I stood in a beautiful valley. Birds were flying over head, singing their song. The iconic yellow-brown walls of the Old City of Jerusalem provided the backdrop. To my right, was what it known today as Mount Zion. Children were playing in the grass before me. It was almost impossible to believe that I was standing in Hell.
Before we go any further, I want to be clear that I’m not writing about a theological position on the destiny of man. This isn’t about eternal life or eternal judgment. But, let me assure you, I’m talking specifically about Hell.
The term “Hell” isn’t used all that often in Scripture. Most often what we think of as “Hell,” is described as a place where there is weeping and gnashing of teeth, or where the fire is never quenched, or where the worm never dies. In the Hebrew Scriptures, the place is often called the Valley of Hinnom. In the Christian Scriptures, it’s called Gehenna.
Both of those locations are a specific geographic location just outside the walls of the Old City of Jerusalem. Today, it’s a beautiful park. Occasionally, concerts are hosted in this valley. But 3,000 years ago, it was a place of indescribable horror.
It was in the Valley of Hinnom that Israel sacrificed their children to the pagan god, Molech. Millions of babies and young children were thrown into a cast iron idol that had been stoked to the highest possible temperature, and their screams could be heard all night long.
What kind of insanity causes a mother and father to become willing burn their child to death, thinking that they are worshipping a god?
There are many reasons that the Children of Israel were scattered and exiled, but make no mistake, their worship of Molech in the Valley of Hinnom was clearly one of the primary factors.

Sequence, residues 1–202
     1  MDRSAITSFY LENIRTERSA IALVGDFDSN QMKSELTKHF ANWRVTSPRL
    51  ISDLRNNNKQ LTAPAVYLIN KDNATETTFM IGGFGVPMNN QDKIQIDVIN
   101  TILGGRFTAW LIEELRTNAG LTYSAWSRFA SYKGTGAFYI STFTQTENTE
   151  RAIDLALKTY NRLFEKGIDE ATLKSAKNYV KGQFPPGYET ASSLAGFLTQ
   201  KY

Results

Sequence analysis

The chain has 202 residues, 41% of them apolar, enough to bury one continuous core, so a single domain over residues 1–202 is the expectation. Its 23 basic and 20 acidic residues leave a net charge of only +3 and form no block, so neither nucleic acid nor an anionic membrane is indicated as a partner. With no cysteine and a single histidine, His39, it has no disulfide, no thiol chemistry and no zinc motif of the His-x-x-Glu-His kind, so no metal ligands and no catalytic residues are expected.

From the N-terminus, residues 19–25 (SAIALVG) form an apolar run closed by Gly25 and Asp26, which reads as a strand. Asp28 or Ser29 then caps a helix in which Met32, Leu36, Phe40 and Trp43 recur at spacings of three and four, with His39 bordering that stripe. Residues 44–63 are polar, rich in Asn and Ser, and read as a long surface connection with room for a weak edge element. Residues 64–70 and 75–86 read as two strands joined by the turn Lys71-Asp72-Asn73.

When the Kingdom of Judah was permitted to return from Babylon, this valley became a place of cursing. All that it was used for was as a garbage dump that burned constantly. Worms would be found wherever you stirred the filth. The only people who would enter that valley were lepers looking for scraps to eat.
This is Hell.
It doesn’t matter what your theological position on eternal damnation is, one thing is abundantly clear from Scripture: Hell is what happens when humanity rejects God. Hell was what resulted when a people who had seen untold wonders performed by the Creator of the universe, chose to reject Him for the worship of idols. It caused them to do the unthinkable. Even to muder their own children.
As I stood in the Valley of Hinnom, I couldn’t help but feel the dichotomy of death and life. You see, this valley is not only a place of horror. The Valley of Hinnom is a place of hope.
It is this valley that the prophet, Ezekiel, is talking about when he gives his famous prophecy of the Valley of Dry Bones. If you study the CONTEXT of the entire book of Ezekiel, this is clear. And his prophecy is one that sees death and destruction brought back to life, resulting in paradise. Ezekiel even talks of the curse on the valley being changed to a blessing.
This is what happens when those who have rejected God Almighty, repent and follow Him.
As recently as a few decades ago, the Valley of Hinnom was a place that no resident of Jerusalem would pass through. In fact, the legend was that no one had ever seen anything living in the Valley; that even the birds refused to land there. It was considered cursed.
But now, it seems that curse has been lifted. Birds are seen there. Music is heard there. Children play there. Today, the place that was once the ultimate synonym for death, has become a place of life.
That is hopeful.
In November of 2015, I will be leading thirty people to Israel, where we will stand in the Valley of Hinnom and see for ourselves the life that has returned to this place of death. If you’re interested in learning more about this tour, please CLICK HERE.